The pride of the Goths was elated by this memorable victory; but their avarice was disappointed by the mortifying discovery, that the richest part of the Imperial spoil had been within the walls of Hadrianople. They hastened to possess the reward of their valor; but they were encountered by the remains of a vanquished army, with an intrepid resolution, which was the effect of their despair, and the only hope of their safety. The walls of the city, and the ramparts of the adjacent camp, were lined with military engines, that threw stones of an enormous weight; and astonished the ignorant Barbarians by the noise, and velocity, still more than by the real effects, of the discharge. The soldiers, the citizens, the provincials, the domestics of the palace, were united in the danger, and in the defence: the furious assault of the Goths was repulsed; their secret arts of treachery and treason were discovered; and, after an obstinate conflict of many hours, they retired to their tents; convinced, by experience, that it would be far more advisable to observe the treaty, which their sagacious leader had tacitly stipulated with the fortifications of great and populous cities. After the hasty and impolitic massacre of three hundred deserters, an act of justice extremely useful to the discipline of the Roman armies, the Goths indignantly raised the siege of Hadrianople. The scene of war and tumult was instantly converted into a silent solitude: the multitude suddenly disappeared; the secret paths of the woods and mountains were marked with the footsteps of the trembling fugitives, who sought a refuge in the distant cities of Illyricum and Macedonia; and the faithful officers of the household, and the treasury, cautiously proceeded in search of the emperor, of whose death they were still ignorant. The tide of the Gothic inundation rolled from the walls of Hadrianople to the suburbs of Constantinople. The Barbarians were surprised with the splendid appearance of the capital of the East, the height and extent of the walls, the myriads of wealthy and affrighted citizens who crowded the ramparts, and the various prospect of the sea and land. While they gazed with hopeless desire on the inaccessible beauties of Constantinople, a sally was made from one of the gates by a party of Saracens, who had been fortunately engaged in the service of Valens. The cavalry of Scythia was forced to yield to the admirable swiftness and spirit of the Arabian horses: their riders were skilled in the evolutions of irregular war; and the Northern Barbarians were astonished and dismayed, by the inhuman ferocity of the Barbarians of the South. A Gothic soldier was slain by the dagger of an Arab; and the hairy, naked savage, applying his lips to the wound, expressed a horrid delight, while he sucked the blood of his vanquished enemy. The army of the Goths, laden with the spoils of the wealthy suburbs and the adjacent territory, slowly moved, from the Bosphorus, to the mountains which form the western boundary of Thrace. The important pass of Succi was betrayed by the fear, or the misconduct, of Maurus; and the Barbarians, who no longer had any resistance to apprehend from the scattered and vanquished troops of the East, spread themselves over the face of a fertile and cultivated country, as far as the confines of Italy and the Hadriatic Sea.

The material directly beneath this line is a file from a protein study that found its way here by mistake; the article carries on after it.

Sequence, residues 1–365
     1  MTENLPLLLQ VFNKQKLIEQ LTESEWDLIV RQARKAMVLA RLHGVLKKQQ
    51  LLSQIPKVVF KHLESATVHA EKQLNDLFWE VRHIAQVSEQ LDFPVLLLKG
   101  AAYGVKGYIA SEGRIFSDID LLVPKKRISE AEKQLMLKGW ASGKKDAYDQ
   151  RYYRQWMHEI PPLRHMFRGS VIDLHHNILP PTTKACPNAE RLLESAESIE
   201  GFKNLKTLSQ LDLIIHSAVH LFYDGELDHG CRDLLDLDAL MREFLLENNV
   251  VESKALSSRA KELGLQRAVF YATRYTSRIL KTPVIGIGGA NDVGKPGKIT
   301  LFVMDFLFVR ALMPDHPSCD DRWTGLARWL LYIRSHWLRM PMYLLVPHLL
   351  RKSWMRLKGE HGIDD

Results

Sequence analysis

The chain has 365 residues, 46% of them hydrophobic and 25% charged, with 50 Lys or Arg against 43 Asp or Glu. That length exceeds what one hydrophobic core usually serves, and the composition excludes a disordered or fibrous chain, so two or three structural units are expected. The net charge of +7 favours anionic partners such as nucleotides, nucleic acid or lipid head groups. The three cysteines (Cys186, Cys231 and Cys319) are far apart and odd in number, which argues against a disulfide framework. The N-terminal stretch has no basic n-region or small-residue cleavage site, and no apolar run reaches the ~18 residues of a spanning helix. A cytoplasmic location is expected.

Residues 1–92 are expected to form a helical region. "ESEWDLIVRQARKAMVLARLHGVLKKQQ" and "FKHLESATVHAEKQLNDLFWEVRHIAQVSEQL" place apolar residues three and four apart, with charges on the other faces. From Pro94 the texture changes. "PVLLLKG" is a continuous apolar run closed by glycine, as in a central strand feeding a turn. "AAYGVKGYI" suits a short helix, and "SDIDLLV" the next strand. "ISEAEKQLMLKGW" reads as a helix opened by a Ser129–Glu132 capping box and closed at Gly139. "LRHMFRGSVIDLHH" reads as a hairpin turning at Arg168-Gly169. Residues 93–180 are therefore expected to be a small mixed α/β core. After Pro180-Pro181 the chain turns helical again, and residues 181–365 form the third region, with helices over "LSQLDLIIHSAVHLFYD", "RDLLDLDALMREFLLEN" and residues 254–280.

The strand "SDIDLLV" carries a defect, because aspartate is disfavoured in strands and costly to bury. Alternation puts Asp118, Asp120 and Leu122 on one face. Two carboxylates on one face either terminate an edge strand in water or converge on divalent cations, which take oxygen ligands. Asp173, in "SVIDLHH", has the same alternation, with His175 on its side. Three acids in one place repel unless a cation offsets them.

The Romans, who so coolly, and so concisely, mention the acts of justice which were exercised by the legions, reserve their compassion, and their eloquence, for their own sufferings, when the provinces were invaded, and desolated, by the arms of the successful Barbarians. The simple circumstantial narrative (did such a narrative exist) of the ruin of a single town, of the misfortunes of a single family, might exhibit an interesting and instructive picture of human manners: but the tedious repetition of vague and declamatory complaints would fatigue the attention of the most patient reader. The same censure may be applied, though not perhaps in an equal degree, to the profane, and the ecclesiastical, writers of this unhappy period; that their minds were inflamed by popular and religious animosity; and that the true size and color of every object is falsified by the exaggerations of their corrupt eloquence. The vehement Jerom might justly deplore the calamities inflicted by the Goths, and their barbarous allies, on his native country of Pannonia, and the wide extent of the provinces, from the walls of Constantinople to the foot of the Julian Alps; the rapes, the massacres, the conflagrations; and, above all, the profanation of the churches, that were turned into stables, and the contemptuous treatment of the relics of holy martyrs. But the Saint is surely transported beyond the limits of nature and history, when he affirms, "that, in those desert countries, nothing was left except the sky and the earth; that, after the destruction of the cities, and the extirpation of the human race, the land was overgrown with thick forests and inextricable brambles; and that the universal desolation, announced by the prophet Zephaniah, was accomplished, in the scarcity of the beasts, the birds, and even of the fish." These complaints were pronounced about twenty years after the death of Valens; and the Illyrian provinces, which were constantly exposed to the invasion and passage of the Barbarians, still continued, after a calamitous period of ten centuries, to supply new materials for rapine and destruction. Could it even be supposed, that a large tract of country had been left without cultivation and without inhabitants, the consequences might not have been so fatal to the inferior productions of animated nature. The useful and feeble animals, which are nourished by the hand of man, might suffer and perish, if they were deprived of his protection; but the beasts of the forest, his enemies or his victims, would multiply in the free and undisturbed possession of their solitary domain. The various tribes that people the air, or the waters, are still less connected with the fate of the human species; and it is highly probable that the fish of the Danube would have felt more terror and distress, from the approach of a voracious pike, than from the hostile inroad of a Gothic army.